I’m a real sucker for a car boot sale. You see the thing is I love old, worn-out stuff almost as much as I love a bargain. And I will happily haggle over something that’s 50p because that’s what you do. You see at a car boot sale you never pay full price, you get yourself a bargain, you feel good and you take something home that’s going to be recycled. Everyone’s happy.
At the same time I have incredibly expensive tastes. I love Liberty – the shop, the brand, the prints, the fabric – the whole blooming experience. And I won’t baulk at spending £10 on a notebook (OK, well I might, but I’ll do it anyway…) or £20 on a metre of fabric. The whole brand, experience, proposition just captures me and makes me feel great. I love to buy from Liberty and looking at their products makes me smile.
Why is it that I’d haggle over a notebook for 50p at a car boot sale but I’ll pay twenty times that for a tissue wrapped, expensively bagged notebook in an Arts and Crafts building in Central London? I can’t be alone in experiencing this conditioned response.
How can a premium retailer like Liberty of London charge, well, a premium for their products whilst you put the same customer in a different environment and they’ll respond in a totally different way?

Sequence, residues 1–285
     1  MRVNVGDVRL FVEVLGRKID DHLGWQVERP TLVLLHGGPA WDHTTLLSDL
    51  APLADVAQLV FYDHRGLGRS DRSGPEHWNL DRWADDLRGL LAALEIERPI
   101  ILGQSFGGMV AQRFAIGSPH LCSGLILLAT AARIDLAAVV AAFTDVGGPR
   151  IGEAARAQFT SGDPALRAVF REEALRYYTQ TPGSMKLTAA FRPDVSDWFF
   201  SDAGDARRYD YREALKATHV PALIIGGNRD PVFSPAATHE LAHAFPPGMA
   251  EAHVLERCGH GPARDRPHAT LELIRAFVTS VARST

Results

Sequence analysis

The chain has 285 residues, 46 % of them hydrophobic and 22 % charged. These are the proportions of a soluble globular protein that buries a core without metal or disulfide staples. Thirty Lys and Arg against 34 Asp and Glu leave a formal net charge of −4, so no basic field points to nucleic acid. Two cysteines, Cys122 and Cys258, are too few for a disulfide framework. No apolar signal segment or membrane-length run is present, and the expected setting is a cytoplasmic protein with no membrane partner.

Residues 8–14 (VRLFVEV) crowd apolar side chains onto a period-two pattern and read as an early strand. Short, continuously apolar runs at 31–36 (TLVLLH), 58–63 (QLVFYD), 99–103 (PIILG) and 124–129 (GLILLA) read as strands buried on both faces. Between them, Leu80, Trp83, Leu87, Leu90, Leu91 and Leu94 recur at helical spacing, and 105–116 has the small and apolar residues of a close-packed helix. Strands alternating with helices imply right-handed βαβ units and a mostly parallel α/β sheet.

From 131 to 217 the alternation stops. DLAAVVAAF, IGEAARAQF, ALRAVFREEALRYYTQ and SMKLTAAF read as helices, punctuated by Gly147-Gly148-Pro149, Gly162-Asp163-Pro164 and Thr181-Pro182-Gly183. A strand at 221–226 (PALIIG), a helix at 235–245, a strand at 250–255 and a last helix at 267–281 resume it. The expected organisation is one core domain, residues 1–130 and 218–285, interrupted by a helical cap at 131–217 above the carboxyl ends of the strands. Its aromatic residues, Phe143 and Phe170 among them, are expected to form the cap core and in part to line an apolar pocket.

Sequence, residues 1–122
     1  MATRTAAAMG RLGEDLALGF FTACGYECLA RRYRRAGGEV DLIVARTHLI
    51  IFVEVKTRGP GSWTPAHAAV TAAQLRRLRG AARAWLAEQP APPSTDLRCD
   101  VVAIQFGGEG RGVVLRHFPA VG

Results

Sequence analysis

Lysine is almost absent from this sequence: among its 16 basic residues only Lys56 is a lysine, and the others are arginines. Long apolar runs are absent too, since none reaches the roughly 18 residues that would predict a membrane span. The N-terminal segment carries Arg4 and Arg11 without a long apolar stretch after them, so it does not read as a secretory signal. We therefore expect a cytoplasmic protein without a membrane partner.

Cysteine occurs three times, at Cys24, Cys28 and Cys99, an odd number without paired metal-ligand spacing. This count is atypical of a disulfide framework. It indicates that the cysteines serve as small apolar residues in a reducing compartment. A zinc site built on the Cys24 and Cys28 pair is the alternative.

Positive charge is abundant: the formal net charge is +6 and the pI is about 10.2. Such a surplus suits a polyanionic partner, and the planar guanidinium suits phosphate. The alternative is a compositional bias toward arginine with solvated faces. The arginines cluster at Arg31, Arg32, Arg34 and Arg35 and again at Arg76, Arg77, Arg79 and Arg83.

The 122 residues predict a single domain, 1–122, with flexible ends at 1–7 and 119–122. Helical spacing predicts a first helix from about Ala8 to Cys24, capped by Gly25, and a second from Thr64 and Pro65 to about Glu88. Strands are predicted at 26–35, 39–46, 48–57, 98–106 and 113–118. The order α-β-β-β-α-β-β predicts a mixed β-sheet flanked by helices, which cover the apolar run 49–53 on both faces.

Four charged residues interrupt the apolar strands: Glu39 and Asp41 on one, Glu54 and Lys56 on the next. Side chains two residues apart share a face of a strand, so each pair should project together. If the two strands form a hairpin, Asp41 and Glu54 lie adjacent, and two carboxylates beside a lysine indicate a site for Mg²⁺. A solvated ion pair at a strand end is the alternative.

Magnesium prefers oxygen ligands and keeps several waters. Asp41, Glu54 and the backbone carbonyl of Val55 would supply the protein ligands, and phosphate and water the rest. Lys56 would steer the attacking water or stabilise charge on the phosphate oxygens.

The fact is that we all form an impression about a business when we walk through its doors, meet a representative in person (be it at a networking event or an exhibition) or visit its website. As small business owners we need to take this seriously — particularly when it comes to ecommerce websites — if we are to reach the full potential of our businesses.
If your website looks down-market, lacking in attention to detail or like you’re all about the commodity, well, then you’re going to attract people who are motivated by price. You’ll struggle to communicate the value in what you’re offering and you won’t convert as effectively as you could.
If you can create an experience that makes your visitor feel good, ache to work with you and really conveys the value in what you’re offering then you’re on to a winner.
How do you do that? In a nutshell — think about your proposition: what makes you different? What does your customer value about what you do? How are they feeling right now? How can you make them feel great about buying from you? What value can you add to your proposition?
In terms of the experience: great design must be at the core but also consider photography, the journey through the site, tone of voice, styling, typography, content and email communications. Think about the whole experience — from the homepage to the checkout and everything in between. Don’t let your experience fall apart at the “add to bag” pages. Think about how you make your customers feel good — from start to finish.